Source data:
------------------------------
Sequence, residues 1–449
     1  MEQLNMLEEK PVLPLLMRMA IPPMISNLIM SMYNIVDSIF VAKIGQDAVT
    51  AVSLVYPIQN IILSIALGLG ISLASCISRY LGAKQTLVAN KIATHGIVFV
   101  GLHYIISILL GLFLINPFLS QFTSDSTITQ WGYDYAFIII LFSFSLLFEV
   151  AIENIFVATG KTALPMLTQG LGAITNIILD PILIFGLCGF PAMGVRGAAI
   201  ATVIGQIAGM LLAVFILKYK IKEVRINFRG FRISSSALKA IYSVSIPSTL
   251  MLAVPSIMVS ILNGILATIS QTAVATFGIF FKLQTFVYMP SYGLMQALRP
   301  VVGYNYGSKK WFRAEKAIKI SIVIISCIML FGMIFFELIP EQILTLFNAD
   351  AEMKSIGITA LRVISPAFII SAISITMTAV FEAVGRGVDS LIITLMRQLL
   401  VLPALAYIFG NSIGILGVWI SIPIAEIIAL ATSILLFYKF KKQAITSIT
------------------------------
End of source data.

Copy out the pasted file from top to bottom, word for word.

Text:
Sequence, residues 1–449
     1  MEQLNMLEEK PVLPLLMRMA IPPMISNLIM SMYNIVDSIF VAKIGQDAVT
    51  AVSLVYPIQN IILSIALGLG ISLASCISRY LGAKQTLVAN KIATHGIVFV
   101  GLHYIISILL GLFLINPFLS QFTSDSTITQ WGYDYAFIII LFSFSLLFEV
   151  AIENIFVATG KTALPMLTQG LGAITNIILD PILIFGLCGF PAMGVRGAAI
   201  ATVIGQIAGM LLAVFILKYK IKEVRINFRG FRISSSALKA IYSVSIPSTL
   251  MLAVPSIMVS ILNGILATIS QTAVATFGIF FKLQTFVYMP SYGLMQALRP
   301  VVGYNYGSKK WFRAEKAIKI SIVIISCIML FGMIFFELIP EQILTLFNAD
   351  AEMKSIGITA LRVISPAFII SAISITMTAV FEAVGRGVDS LIITLMRQLL
   401  VLPALAYIFG NSIGILGVWI SIPIAEIIAL ATSILLFYKF KKQAITSIT